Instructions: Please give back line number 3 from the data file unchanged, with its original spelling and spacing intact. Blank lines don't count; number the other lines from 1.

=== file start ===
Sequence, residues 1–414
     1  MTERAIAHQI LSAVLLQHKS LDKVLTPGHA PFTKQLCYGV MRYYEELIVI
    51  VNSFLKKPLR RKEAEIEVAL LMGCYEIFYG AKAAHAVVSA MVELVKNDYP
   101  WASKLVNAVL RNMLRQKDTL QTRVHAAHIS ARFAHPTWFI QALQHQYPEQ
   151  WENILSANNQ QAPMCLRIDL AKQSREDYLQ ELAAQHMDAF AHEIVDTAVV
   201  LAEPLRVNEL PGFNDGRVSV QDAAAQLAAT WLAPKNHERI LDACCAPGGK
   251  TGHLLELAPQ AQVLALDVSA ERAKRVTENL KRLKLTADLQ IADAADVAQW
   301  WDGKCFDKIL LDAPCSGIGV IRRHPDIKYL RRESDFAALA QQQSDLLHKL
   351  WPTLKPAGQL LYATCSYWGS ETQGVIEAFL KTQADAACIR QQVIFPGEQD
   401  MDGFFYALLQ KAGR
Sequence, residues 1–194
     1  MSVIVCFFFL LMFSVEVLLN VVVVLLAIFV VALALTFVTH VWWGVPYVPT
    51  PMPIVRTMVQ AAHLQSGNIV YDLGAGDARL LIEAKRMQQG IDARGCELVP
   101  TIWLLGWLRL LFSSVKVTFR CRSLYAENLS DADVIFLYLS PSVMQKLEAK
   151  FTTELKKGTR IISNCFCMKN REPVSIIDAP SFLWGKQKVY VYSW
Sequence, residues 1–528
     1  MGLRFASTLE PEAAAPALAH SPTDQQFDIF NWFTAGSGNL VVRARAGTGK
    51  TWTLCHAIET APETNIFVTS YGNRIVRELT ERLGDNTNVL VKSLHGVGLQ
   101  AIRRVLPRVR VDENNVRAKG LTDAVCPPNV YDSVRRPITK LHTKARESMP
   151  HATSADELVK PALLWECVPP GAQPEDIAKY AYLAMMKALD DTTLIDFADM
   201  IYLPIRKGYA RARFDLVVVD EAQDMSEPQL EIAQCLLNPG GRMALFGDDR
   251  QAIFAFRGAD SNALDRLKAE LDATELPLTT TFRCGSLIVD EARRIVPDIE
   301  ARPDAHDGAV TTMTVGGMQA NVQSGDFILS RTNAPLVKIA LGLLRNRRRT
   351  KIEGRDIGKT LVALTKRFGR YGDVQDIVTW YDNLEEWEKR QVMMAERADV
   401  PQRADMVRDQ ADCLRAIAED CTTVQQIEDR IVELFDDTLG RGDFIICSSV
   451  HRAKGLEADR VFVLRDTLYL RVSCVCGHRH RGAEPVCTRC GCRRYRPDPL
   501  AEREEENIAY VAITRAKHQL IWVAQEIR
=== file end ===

    51  VNSFLKKPLR RKEAEIEVAL LMGCYEIFYG AKAAHAVVSA MVELVKNDYP